Get outside, Family!

Get outside, Family!

Wednesday, October 27, 2010

Make a Snacky Shacky

A good use for all that Halloween candy that has already started to collect around here. The house is a pound cake we made from scratch and sliced down to flatten all four sides. The cake did dry out, but the icing helped.

Monday, October 25, 2010

Cooking Vs. Enjoying a beautiful October evening

The Winner? Leftovers!

October Night #1
Tonight I completely understood the concept of McDonald’s. There was homework, music practice, a baby to feed, a dirty diaper, boogies to wipe, dishes from breakfast to clear, laundry to fold and a gorgeous October day outside. It was warm, with dappled sunshine and the sky as blue as I’ve ever seen it. The kind of day you want to breathe in and taste and absorb through your skin because you know winter is coming. Not the kind of day when I want to stand at the sink rinsing a partially frozen roasting chicken and scraping a butternut squash. So I didn’t. We also didn’t do McDonald’s. We had dried-out leftovers and a salad. Not especially tasty, but we did get outside to play.

October Night #2
Another beautiful night! We sat out swinging for a good hour after we should have been inside marinating salmon. The Chef was in high spirits, it’s still exciting that he can swing himself six months after he stopped asking for a push. Little Zi could stay in his baby swing all day watching cars pass, listening to planes overhead and squirrels in the dried leaves. Salmon stayed in the fridge and leftover meatloaf made an encore appearance.

Tuesday, October 19, 2010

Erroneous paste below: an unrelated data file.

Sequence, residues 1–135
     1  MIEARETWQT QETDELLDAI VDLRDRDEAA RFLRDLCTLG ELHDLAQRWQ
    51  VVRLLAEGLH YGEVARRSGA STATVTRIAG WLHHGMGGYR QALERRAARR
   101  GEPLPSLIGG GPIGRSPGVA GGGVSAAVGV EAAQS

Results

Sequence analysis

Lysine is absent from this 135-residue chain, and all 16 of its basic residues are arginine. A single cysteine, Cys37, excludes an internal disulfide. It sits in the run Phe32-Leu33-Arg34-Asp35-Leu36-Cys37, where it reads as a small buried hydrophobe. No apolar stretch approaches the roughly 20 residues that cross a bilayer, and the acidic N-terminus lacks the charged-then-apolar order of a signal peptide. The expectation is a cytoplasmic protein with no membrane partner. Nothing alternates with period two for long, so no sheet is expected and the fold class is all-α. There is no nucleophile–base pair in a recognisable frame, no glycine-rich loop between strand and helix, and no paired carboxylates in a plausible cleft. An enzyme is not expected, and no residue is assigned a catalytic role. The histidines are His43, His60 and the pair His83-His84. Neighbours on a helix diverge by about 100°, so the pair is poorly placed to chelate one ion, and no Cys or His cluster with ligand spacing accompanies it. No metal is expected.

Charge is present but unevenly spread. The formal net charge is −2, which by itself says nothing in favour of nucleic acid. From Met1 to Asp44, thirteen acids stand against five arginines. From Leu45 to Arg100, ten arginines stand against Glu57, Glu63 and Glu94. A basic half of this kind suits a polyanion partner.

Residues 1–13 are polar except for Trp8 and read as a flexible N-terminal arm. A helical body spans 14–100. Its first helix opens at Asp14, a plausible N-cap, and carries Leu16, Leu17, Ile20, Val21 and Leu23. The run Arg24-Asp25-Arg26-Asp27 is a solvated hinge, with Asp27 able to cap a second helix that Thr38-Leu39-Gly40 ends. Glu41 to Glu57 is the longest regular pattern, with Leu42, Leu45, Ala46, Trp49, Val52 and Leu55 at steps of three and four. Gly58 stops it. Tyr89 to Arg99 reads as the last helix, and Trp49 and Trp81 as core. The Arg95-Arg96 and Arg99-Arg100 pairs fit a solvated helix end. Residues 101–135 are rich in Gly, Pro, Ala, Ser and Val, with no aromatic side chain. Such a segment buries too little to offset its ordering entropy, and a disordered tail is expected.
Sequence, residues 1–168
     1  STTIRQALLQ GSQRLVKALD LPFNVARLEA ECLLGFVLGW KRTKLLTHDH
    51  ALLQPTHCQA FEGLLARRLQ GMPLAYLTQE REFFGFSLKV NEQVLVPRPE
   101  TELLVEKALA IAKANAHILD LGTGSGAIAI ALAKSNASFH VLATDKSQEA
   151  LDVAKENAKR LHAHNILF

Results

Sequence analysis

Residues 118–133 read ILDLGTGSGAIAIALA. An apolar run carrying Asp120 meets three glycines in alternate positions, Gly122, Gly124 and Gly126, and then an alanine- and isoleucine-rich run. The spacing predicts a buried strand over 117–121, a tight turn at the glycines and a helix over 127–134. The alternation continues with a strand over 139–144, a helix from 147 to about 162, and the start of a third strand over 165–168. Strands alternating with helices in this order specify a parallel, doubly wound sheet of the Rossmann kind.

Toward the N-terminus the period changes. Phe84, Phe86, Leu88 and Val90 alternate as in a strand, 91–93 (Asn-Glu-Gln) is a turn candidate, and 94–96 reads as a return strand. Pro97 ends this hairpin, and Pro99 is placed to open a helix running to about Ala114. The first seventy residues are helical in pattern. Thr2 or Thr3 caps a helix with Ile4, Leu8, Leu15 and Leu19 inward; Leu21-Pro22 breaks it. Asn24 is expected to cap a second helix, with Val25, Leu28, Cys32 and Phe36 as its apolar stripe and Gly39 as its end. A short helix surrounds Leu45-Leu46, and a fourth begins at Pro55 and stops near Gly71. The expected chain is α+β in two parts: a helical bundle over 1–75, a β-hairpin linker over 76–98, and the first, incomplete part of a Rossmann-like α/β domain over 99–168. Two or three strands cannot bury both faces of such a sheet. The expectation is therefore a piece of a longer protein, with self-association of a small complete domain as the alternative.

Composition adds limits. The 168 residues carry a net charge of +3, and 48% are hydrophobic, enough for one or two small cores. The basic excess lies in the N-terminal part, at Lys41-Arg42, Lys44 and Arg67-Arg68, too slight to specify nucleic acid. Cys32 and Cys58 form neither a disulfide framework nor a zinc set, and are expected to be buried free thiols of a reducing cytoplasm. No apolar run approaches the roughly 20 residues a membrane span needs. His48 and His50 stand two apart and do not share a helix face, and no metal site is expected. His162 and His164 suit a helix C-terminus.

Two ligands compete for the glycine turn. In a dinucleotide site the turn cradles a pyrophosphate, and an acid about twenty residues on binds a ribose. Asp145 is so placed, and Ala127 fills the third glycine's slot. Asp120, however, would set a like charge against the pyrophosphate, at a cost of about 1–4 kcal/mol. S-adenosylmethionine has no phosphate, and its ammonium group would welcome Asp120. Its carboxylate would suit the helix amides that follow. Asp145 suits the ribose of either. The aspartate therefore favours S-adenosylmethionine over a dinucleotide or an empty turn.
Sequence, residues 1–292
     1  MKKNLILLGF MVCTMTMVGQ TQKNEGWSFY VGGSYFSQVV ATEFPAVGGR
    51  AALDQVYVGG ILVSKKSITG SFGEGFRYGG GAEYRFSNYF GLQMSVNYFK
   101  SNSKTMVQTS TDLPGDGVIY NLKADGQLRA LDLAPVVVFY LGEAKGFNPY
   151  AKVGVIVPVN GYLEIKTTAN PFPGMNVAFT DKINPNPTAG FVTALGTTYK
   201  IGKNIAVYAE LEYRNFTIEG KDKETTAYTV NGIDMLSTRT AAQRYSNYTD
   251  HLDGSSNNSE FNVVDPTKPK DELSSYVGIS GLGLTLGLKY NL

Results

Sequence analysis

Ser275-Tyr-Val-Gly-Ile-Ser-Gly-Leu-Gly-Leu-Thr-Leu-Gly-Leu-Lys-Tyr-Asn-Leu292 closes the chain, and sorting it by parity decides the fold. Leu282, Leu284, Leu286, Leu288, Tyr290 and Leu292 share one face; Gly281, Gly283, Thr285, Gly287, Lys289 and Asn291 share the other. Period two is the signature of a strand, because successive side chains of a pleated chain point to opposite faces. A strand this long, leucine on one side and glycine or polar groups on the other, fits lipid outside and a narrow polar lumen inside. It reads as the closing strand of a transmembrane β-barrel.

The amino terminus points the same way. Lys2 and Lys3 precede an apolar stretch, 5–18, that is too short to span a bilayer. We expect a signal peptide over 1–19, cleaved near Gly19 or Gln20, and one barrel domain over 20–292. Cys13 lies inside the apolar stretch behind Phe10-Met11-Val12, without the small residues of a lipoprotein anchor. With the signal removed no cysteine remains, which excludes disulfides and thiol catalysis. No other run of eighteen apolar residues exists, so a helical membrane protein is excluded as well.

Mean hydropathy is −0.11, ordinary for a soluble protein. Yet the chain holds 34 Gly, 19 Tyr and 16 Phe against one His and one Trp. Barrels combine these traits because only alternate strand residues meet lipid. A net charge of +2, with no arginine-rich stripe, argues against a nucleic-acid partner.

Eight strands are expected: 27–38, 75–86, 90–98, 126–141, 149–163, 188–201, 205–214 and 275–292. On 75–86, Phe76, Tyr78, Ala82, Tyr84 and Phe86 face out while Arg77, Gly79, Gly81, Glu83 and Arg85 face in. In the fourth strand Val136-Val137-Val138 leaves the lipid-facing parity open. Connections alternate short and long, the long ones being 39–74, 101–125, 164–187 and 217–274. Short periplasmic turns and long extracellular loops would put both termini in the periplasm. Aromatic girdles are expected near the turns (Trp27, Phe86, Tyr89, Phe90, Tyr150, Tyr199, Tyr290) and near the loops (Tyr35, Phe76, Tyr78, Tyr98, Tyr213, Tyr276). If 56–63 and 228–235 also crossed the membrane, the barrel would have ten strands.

On the Road with Chef Zi

Under the harsh conditions of a tiny hotel suite kitchen, Chef Zi helped prepare a pancake breakfast for his family. We cheated a bit, using a Bisquick mix so we didn’t have to buy baking soda or oil. Good thing, because there were no measuring spoons, cups or a whisk. A sauce pan worked nicely for mixing up the batter, and the cakes were cooked in lotsa butter.

No miserable wait at a crowded restaurant with two young children. No spending a lot of cash for cardboard pancakes that can be swallowed only with the lubricating effect of syrup out of a tiny plastic container. The added bonus was the Chef was kept occupied long enough for Papa Zi to read the paper. Mama Zi got to watch a TV movie while Papa cleaned up.

Mama Zi tip for cooking pancakes while playing with children: Cook on medium to medium-low heat. It takes longer, but no burning if you get distracted.

Thursday, October 14, 2010

Cheese, Glorious Cheese!

A Guest Chef recipe by Xandra, who blogs at This post originally appeared there.

As I half sit, half lie on my bed, I contemplate my situation. I have always been rather obsessed with cheese.... but today I have reached a new high for cheese appreciation.

I know, cheese? After reading any of my other posts one might ask whether this is still the same person writing. Rest assured, it is, I have just decided to comment on the lighter sides of life. Not that cheese is a light food, on the contrary, it's not particularly healthy in large doses at all.

To continue on with my original thought, I've had so much cheese today, that my stomach is now regretting it.
Spaetzle with cheese, then cheese and crackers, then chicken soup with spinach and cheese...
I. love. cheese. Probably more than chocolate, which if anybody who knows me heard me say that, would consider a very serious statement. It's just, you can do soooo much with cheese.
I have a whole cookbook only about cheese.

Here is a taste of my Spaetzle with cheese:
Spaetzle (a German noodle)
half and half
salt and pepper
half an onion
giant eagle Mexican shredded cheese mix
Gruyère shredded cheese

Boil the Spaetzle. Meanwhile put butter in a pan, sauté the onions, add half and half and the now cooked Spaetzle. Preheat the oven to 350 degrees F. Cook until most of the half and half is evaporated and the onions are softish. Then get out a pan, butter the bottom, pile in some of the Spaetzle mix, put on some of the cheese (both the Mexican mix and the Gruyère). Add the rest of the noodles and top off with more cheese. Put it in the oven, and wait impatiently for the top to become golden and crispy... or in my case don't (I was too anxious to eat it).